ATRI releases Top 100 list of truck bottlenecks
The analysis, based on truck GPS data from more than 800,000 heavy duty trucks, uses several customized software applications and analysis methods.
The American Transportation Research Institute (ATRI), Arlington, Va., released its annual list highlighting the most congested bottlenecks for trucks in America.
The 2018 Top Truck Bottleneck List assesses the level of truck-oriented congestion at 300 locations on the national highway system. The analysis, based on truck GPS data from more than 800,000 heavy duty trucks, uses several customized software applications and analysis methods, along with terabytes of data from trucking operations to produce a congestion impact ranking for each location. ATRI's truck GPS data is used to support the FHWA-sponsored Freight Performance Measures initiative.
"When your trucks are moving, ‘America is growing,' is what President Trump told the trucking industry last October," says Dennis Nash, chairman and CEO of ATRI and chief executive officer of Kenan Advantage Group, North Canton, Ohio. "Unfortunately, as ATRI's report shows, increasingly our trucks are not moving because of congestion, choke points and bottlenecks on an aging highway system. Addressing congestion and delays at these key interchanges and highways can make our supply chain more efficient, improve the environment by reducing fuel burn and save Americans countless hours of delay and added costs."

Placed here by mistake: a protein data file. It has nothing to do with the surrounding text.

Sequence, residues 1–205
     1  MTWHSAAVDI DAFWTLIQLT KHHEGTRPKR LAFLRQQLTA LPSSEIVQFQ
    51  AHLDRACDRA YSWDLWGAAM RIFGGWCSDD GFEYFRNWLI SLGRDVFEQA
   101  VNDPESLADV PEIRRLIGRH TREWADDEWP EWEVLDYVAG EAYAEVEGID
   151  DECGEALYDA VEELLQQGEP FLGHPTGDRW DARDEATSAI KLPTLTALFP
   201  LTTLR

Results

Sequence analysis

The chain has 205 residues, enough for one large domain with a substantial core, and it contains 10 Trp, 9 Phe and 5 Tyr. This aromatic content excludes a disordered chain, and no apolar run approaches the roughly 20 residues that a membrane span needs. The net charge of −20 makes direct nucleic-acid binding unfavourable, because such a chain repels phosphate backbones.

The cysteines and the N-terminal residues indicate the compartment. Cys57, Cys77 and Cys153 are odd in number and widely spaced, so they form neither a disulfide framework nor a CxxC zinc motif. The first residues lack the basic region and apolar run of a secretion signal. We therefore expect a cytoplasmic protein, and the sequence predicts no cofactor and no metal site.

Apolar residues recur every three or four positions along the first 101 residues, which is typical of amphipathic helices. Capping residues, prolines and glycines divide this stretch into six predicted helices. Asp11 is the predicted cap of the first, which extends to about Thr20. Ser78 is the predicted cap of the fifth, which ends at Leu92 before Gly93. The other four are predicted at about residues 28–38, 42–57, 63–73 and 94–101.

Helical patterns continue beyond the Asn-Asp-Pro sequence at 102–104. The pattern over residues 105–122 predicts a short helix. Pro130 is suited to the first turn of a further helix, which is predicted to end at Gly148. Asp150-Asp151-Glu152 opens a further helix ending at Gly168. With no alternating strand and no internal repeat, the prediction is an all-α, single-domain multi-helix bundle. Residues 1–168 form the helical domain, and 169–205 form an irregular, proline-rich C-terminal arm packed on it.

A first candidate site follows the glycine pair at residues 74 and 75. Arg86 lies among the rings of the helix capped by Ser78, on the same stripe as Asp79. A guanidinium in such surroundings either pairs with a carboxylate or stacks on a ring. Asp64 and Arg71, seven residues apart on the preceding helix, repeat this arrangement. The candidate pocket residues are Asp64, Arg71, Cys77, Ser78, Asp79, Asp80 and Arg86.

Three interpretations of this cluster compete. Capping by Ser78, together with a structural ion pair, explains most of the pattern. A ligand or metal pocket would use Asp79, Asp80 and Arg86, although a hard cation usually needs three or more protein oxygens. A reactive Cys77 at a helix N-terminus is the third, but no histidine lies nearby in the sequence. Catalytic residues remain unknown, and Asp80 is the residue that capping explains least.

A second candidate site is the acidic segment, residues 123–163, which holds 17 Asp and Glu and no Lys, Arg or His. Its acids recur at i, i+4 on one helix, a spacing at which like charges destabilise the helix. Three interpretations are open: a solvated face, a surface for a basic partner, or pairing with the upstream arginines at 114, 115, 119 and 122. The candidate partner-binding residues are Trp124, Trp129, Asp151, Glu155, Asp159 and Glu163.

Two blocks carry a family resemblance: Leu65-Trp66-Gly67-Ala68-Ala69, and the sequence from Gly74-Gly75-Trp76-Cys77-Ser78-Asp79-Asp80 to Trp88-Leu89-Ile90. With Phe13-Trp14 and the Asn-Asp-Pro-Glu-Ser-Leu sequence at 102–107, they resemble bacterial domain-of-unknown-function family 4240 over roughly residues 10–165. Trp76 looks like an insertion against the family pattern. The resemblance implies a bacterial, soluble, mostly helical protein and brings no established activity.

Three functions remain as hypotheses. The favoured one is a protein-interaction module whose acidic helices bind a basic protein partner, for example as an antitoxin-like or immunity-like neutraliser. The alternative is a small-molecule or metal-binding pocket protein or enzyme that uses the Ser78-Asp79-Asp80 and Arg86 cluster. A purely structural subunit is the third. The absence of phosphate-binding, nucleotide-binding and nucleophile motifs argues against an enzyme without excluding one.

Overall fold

For the third straight year, Atlanta's "Spaghetti Junction," the intersection of Interstates 285 and 85 North, is the most congested freight bottleneck in the country. The rest of the Top 10 includes:
2. Fort Lee, N.J.: I-95 at SR 4;
3. Chicago: I-290 at I-90/I-94;
4. Atlanta: I-75 at I-285 (North);
5. Los Angeles: SR 60 at SR 57;
6. Boston: I-95 at I-90;
7. Baltimore: I-695 at I-70;
8. Queens, N.Y.: I-495;
9. Cincinnati: I-71 at I-75 and
10. Louisville, Ky.: I-65 at I-64/I-71
"As the issue of infrastructure investment comes to the forefront on the national stage, ATRI's report on truck bottlenecks could not come at a better time," says Chris Spear, president and CEO of American Trucking Associations, Arlington, Va. "The safe and efficient movement of freight should be a top priority in any infrastructure package, and this report identifies the areas where investment is most needed. Finding long-term, sustainable funding, like our proposed Build America Fund, to address these needs is critical, and we urge Congress and the Administration to quickly move forward on a plan to tackle this growing crisis."